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Keywords:

  • biomass;
  • data inventories;
  • disturbance;
  • dwarf shrubs;
  • fire;
  • grazing abandonment;
  • Larix decidua;
  • Pinus cembra;
  • tree dynamics;
  • woody debris

Summary

  • 1
    Changes in the frequency and intensity of disturbances are expected to occur during the coming decades as a consequence of climatic changes. Mountain forests are sensitive to climate variability, disturbances and changes in human activities; this is particularly true for subalpine forests located close to the limits of tree-growth. Here we test the role of surface fires on the structure and the dynamics of a subalpine forest compared to a control stand not affected by fire events for at least two centuries.
  • 2
    The fire events are deduced from fire scars, the age-structure from tree-ring counting, regeneration from sapling and seedling counts, necromass from the volume of woody debris, and the understorey structure from shrub and herb cover, height and biomass. Land-use history is assessed from livestock and human inventories.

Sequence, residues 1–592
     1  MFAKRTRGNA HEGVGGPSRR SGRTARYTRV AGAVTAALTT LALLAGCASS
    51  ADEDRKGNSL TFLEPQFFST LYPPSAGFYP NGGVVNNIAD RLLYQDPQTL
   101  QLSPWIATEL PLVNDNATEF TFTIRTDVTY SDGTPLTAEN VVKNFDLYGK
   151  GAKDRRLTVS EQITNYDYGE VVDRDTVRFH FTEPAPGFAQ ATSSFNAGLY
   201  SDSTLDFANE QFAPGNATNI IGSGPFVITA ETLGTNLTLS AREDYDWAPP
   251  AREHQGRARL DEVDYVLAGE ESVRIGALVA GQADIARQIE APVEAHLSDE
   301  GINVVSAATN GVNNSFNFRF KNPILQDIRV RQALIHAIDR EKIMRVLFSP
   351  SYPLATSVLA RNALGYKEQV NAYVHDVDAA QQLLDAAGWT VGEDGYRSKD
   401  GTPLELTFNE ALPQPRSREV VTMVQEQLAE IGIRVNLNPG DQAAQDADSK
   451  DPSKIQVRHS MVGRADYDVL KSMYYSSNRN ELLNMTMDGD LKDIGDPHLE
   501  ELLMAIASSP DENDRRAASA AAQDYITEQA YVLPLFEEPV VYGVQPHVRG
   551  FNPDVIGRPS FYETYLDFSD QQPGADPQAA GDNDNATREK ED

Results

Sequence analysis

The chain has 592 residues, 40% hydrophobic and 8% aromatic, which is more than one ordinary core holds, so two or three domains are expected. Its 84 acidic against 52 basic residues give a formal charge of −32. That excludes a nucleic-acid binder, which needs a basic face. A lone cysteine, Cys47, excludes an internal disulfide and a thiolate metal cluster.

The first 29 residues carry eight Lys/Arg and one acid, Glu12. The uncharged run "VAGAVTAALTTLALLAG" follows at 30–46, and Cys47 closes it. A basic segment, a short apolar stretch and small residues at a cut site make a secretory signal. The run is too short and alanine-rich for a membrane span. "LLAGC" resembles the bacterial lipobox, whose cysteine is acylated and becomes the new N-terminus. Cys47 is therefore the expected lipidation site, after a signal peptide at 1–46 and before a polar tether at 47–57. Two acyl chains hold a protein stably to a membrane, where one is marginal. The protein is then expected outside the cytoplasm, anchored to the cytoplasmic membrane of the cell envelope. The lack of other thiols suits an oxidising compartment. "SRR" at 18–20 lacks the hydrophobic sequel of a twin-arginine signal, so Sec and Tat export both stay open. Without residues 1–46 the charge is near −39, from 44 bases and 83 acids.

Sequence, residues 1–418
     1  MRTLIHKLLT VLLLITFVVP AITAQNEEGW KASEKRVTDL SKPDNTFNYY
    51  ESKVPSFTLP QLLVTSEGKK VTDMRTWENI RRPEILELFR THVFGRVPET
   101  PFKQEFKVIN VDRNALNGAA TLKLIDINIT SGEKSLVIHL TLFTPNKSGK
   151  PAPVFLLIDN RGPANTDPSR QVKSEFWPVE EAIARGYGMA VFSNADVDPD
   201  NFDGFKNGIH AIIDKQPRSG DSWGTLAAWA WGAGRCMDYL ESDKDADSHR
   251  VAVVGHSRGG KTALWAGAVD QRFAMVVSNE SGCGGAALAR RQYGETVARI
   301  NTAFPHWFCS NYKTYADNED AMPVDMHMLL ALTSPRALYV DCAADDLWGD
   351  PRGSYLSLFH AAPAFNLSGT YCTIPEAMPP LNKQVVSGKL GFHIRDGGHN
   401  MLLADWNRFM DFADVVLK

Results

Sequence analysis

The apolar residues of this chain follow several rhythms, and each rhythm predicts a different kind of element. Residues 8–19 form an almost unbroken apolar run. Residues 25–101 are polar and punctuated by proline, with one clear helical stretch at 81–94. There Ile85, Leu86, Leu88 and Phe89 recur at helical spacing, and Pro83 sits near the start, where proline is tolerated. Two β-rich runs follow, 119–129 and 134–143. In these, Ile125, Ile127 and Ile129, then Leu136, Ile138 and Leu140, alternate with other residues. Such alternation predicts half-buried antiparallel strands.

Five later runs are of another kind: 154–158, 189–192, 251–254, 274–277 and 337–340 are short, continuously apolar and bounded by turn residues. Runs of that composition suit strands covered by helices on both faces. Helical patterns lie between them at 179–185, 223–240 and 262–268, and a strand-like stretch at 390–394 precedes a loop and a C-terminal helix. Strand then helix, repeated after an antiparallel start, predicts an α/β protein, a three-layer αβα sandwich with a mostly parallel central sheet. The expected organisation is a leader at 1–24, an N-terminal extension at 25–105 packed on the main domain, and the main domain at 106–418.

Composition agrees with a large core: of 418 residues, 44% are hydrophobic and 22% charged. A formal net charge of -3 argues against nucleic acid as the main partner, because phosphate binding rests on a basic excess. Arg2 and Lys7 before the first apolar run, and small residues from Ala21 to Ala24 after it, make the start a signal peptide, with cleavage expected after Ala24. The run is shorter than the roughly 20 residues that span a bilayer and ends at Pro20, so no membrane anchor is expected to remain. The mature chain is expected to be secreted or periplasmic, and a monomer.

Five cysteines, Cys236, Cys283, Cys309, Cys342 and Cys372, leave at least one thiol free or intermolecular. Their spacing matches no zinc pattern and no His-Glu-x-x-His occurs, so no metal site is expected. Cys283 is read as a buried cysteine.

• 3
    Four surface fires occurred during the last 200 years in the burned stand. Tree density is greater in the burned stand, and, even 50 years after the last fire, burning could still be having a positive effect on regeneration density. Land-use history, mainly grazing by cattle and sheep, explains the modern forest structure through its promotion of Larix decidua. The understorey composition is the same within the two stands, suggesting a rapid recovery of dwarf shrubs (Rhododendron ferrugineum and Vaccinium myrtillus) after the latest fire, which coincided with the final change in land-use. The exception is V. vitis-idaea cover, which is higher in the control stand. The removal of livestock in the 1940s indirectly triggered a decline in L. decidua regeneration, which was formerly promoted by grazing and trampling. Conversely, Pinus cembra seedlings have begun to establish during the last 70 years.
  • 4
    Synthesis. Expansion of forests dominated by P. cembra is expected during the 21st century, unless current global warming leads to a significant and lethal increase in fire frequency, that is, a reduction of fire-return intervals, which would reduce the number of sexually mature trees. The re-introduction of grazing could maintain the mixed subalpine forests, whereas surface fires would alter the woody debris load, promoting greater regeneration of L. decidua and P. cembra.